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Notes for Felix Renick:
From several sources & family papers:
Felix Renick, Ohio pioneer, cattleman, was born in Hardy County, VA a son of William Renick who emigrated from Ireland to America and who became a deputy under Lord Fairfax in the survey of counties in southern Virginia. His ancestors, according to family tradition, were German. As a youth Renick with two friends made a trip of exploration into Ohio and investigated the region lying between the Scioto and Licking rivers. In 1801 he returned to Ohio to settle, purchasing of the government at Chillicothe a large tract of land in Ross County at $2.50 per an acre. About 1795 he had married Hannah See of Virginia; they were the parents of nine children. He was interested in children and erected at his own expense on his farm by the turnpike what was long known as the Felix Renick school house. He was also one of the founders and the first president of the Logan Historical Society and contributed several articles to its magazine, the American Pioneer.
Felix and his brother George Renick became the outstanding agricultural leaders in south central Ohio. They fed superior cattle for their day and were the first persons to make long overland drives of fa cattle to market. In 1802 they visited Kentucky and bought a herd of longhorns. In 1833 forty-six men in Ohio and two in Kentucky organized "the Ohio Company for importing English Cattle." This company employed Felix Renick to go to England to import some of the best improved cattle of that country. He sailed in January 1834, made a careful inspection of notable herds, and returned to American with nineteen head of shorthorns. This included several animals that later became famous progenitors. In 1835 a second, and again in 1836 a third consignment was brought from England to the Renick farm. On Oct. 29, 1836, an auction sale of these cattle was held on the farm south of Chillicothe. Forty-three animals brought $35.540. This was the most epoch-making cattle sale held in America up to that time. On Jan. 27, 1848, when in his seventy-eighth year, Renick was killed by a timber falling upon him at the Paint Creek ferry near Chillicothe. His remains lie in a little family cemetery overlooking the farm.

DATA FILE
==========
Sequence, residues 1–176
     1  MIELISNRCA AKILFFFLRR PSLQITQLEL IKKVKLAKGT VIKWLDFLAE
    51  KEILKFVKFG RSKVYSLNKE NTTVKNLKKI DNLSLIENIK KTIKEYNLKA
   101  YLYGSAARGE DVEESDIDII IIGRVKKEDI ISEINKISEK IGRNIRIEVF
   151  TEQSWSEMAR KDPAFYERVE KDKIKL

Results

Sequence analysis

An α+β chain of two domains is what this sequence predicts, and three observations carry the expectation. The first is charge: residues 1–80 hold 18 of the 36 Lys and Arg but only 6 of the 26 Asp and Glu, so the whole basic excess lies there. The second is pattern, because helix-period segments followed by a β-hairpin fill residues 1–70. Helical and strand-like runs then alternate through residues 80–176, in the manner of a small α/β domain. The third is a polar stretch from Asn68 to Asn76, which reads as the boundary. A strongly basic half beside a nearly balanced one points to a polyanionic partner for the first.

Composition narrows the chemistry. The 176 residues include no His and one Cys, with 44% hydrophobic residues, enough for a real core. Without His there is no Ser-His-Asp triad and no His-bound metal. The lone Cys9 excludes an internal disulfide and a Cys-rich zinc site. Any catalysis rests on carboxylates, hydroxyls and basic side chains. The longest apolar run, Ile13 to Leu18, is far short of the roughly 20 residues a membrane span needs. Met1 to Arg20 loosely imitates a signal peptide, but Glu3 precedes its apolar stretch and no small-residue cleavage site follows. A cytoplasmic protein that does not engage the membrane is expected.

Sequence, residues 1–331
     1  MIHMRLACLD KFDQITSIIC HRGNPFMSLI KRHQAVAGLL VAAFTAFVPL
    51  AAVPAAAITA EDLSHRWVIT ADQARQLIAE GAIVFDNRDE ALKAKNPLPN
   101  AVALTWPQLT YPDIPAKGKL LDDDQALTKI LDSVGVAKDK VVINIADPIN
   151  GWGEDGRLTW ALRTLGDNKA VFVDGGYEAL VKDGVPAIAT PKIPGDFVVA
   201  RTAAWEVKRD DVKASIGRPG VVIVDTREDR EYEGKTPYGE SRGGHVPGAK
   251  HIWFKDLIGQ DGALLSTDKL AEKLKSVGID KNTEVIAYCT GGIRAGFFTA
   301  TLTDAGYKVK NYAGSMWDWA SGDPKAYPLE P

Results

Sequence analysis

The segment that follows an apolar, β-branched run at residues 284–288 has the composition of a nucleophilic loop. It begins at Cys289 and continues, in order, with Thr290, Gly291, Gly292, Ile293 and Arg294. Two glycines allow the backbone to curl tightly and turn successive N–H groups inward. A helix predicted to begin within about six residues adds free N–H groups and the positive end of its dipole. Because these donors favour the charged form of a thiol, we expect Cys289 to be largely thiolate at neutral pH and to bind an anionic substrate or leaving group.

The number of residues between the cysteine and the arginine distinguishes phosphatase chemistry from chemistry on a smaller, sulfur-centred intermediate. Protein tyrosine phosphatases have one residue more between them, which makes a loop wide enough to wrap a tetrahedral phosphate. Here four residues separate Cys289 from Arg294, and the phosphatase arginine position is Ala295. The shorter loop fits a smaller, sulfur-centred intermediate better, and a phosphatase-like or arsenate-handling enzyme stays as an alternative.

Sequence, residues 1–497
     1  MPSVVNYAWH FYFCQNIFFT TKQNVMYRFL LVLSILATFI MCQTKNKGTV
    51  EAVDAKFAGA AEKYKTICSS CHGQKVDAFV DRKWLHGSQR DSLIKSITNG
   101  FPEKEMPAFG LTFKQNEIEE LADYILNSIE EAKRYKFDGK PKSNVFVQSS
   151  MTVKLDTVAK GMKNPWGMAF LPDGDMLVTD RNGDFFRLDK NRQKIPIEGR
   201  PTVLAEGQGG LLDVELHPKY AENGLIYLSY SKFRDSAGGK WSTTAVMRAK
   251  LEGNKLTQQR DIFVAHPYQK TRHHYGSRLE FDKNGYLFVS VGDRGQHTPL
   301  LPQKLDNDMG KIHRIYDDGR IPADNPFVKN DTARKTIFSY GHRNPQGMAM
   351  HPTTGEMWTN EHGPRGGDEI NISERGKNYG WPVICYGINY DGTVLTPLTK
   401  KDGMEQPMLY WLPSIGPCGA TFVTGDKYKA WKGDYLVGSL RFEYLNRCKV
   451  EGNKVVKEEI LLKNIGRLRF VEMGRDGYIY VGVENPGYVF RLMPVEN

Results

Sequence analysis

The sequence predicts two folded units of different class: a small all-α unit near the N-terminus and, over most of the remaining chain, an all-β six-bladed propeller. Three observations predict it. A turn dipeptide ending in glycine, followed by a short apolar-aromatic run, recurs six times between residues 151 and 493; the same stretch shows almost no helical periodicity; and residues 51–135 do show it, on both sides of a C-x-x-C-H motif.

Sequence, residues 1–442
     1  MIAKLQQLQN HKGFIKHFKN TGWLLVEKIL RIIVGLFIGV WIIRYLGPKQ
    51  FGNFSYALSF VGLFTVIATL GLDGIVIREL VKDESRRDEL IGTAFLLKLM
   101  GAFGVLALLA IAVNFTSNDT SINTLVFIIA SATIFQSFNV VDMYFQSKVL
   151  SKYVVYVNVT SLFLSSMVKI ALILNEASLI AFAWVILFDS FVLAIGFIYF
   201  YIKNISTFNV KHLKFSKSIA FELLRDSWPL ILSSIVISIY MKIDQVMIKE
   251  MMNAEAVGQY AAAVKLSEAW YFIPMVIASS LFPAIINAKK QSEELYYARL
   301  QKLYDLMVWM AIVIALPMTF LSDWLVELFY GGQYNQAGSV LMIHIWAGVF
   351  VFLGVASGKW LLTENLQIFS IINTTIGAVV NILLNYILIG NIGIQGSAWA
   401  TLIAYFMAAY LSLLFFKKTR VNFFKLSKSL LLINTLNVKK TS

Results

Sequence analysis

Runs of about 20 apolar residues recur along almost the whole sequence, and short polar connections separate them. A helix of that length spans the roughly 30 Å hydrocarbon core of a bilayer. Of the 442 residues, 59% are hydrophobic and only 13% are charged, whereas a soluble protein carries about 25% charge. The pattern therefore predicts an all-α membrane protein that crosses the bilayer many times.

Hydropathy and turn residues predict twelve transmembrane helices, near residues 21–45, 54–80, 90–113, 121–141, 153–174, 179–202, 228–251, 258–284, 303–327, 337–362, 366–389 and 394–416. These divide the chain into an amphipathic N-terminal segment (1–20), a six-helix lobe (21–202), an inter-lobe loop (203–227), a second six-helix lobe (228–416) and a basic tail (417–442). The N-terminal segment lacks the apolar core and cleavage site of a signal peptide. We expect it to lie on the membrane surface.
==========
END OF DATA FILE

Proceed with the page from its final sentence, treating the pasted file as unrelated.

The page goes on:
The smallest State park in Ohio is Renick Memorial State Park, only a few yards in length and width. The monument commemorates Felix Renick (1770-1848), an early Ohio livestock raiser who inaugurated the overland route to Eastern livestock markets in 1804 by driving his herds over Zane's Trace to Baltimore and other cities. Renick was the first American to import (1834) full-blooded Shorthorn cattle from Europe, and held the first public sale of the breed in this country not far from the park site.
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